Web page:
Ferdinand von Schirach: Tabu (2013) – The Girl Who Wasn’t There (2015)


I bought Ferdinand von Schirach’s last novel The Girl Who Wasn’t There  –  Tabu (Taboo) when it came out in German, but didn’t feel like reading it until now. Meanwhile it’s available in translation and I’ve seen a few reviews on English blogs.

Since I liked his first books  Crime – Verbrechen, Guilt – Schuld, and The Collini Case – Der Fall Collini I was looking forward to The Girl Who Wasn’t There. I didn’t expect a crime novel per se, as von Schirach, even when he writes about crime, is more interested in justice and human dignity than crime-solving or reasons for committing a crime. He recently published a book of essays, which all circle around the idea of human dignity. No surprise then that Tabu wasn’t a “proper” crime novel. So, that’s not the problem I had with this book. My biggest problem was the style and that I felt he didn’t really have a story, only themes he wanted to explore.

Interestingly the reception in English-speaking countries – by professional critics and bloggers – is far more favourable than the reception in Germany. Could it be that the translation improved the text? I don’t think that’s the reason but you never know.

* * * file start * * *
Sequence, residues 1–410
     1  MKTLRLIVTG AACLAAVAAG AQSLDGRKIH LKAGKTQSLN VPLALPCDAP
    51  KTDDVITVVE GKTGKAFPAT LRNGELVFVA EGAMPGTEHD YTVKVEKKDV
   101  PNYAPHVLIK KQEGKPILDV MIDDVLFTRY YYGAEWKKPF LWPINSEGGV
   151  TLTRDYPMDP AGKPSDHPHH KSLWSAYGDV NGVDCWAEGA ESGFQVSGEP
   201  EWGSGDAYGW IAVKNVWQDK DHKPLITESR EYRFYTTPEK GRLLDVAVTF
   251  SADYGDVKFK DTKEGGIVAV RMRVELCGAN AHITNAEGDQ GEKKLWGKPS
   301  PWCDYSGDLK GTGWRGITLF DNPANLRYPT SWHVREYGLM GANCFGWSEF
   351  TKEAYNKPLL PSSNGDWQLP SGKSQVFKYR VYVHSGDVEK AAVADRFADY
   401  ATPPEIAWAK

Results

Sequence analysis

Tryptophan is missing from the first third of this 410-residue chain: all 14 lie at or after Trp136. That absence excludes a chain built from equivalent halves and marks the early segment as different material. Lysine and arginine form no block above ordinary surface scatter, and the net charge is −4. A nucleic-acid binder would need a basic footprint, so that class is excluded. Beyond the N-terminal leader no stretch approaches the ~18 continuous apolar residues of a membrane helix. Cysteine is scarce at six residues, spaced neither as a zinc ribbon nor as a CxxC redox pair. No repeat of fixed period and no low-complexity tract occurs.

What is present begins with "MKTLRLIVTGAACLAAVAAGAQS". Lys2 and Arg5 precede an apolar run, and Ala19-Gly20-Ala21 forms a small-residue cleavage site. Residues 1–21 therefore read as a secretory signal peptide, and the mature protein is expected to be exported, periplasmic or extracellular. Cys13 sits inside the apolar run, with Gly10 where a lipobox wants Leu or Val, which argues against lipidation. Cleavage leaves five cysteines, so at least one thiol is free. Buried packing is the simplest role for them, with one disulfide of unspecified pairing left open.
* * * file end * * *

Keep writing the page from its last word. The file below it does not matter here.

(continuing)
I like spare prose and it served von Schirach well in his first two story collections. His prose was still quite alright in The Collini Case, but it drove me up the wall in this novel. The prose isn’t only spare but clumsy. His overuse of parataxis and short main clauses just didn’t feel right. Parataxis is often used to convey a feeling of alienation. Of course, if a character, like the main character Sebastian von Eshburg, feels dead inside because his father committed suicide when he was only a kid – there must be a feeling of alienation, nonetheless, I would have hoped von Schirach would have tried to convey it in another way.

The book is divided into several parts; each has a color as its title. The longest parts tell about von Eschburg’s childhood and how he became a famous artist. Then we see a man being questioned and threatened by a police man. The next part has another narrator – defence lawyer Biegler. That part is much more lively. Biegler is a lusty, driven man. An interesting character. He accepts to defend von Eschburg, who is accused of murder, because he suspects von Eschburg has confessed a crime he might not have committed. The last parts are dedicated to the trial and its outcome.